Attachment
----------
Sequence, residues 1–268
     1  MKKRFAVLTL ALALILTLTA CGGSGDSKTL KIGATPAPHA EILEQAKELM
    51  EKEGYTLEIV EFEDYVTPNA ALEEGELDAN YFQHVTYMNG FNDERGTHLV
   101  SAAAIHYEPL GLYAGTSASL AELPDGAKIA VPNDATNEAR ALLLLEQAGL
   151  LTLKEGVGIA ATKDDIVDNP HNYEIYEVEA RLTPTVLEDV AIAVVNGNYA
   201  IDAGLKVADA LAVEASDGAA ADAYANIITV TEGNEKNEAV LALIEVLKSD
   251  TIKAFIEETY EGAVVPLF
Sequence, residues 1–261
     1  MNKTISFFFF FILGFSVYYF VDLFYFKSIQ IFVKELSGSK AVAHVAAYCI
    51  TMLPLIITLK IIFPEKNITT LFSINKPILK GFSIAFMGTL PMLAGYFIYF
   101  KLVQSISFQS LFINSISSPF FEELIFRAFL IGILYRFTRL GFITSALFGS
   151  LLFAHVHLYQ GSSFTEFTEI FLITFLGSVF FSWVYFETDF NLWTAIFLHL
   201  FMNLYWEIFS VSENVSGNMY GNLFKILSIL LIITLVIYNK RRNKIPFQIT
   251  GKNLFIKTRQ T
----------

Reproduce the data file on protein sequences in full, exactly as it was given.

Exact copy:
Sequence, residues 1–268
     1  MKKRFAVLTL ALALILTLTA CGGSGDSKTL KIGATPAPHA EILEQAKELM
    51  EKEGYTLEIV EFEDYVTPNA ALEEGELDAN YFQHVTYMNG FNDERGTHLV
   101  SAAAIHYEPL GLYAGTSASL AELPDGAKIA VPNDATNEAR ALLLLEQAGL
   151  LTLKEGVGIA ATKDDIVDNP HNYEIYEVEA RLTPTVLEDV AIAVVNGNYA
   201  IDAGLKVADA LAVEASDGAA ADAYANIITV TEGNEKNEAV LALIEVLKSD
   251  TIKAFIEETY EGAVVPLF
Sequence, residues 1–261
     1  MNKTISFFFF FILGFSVYYF VDLFYFKSIQ IFVKELSGSK AVAHVAAYCI
    51  TMLPLIITLK IIFPEKNITT LFSINKPILK GFSIAFMGTL PMLAGYFIYF
   101  KLVQSISFQS LFINSISSPF FEELIFRAFL IGILYRFTRL GFITSALFGS
   151  LLFAHVHLYQ GSSFTEFTEI FLITFLGSVF FSWVYFETDF NLWTAIFLHL
   201  FMNLYWEIFS VSENVSGNMY GNLFKILSIL LIITLVIYNK RRNKIPFQIT
   251  GKNLFIKTRQ T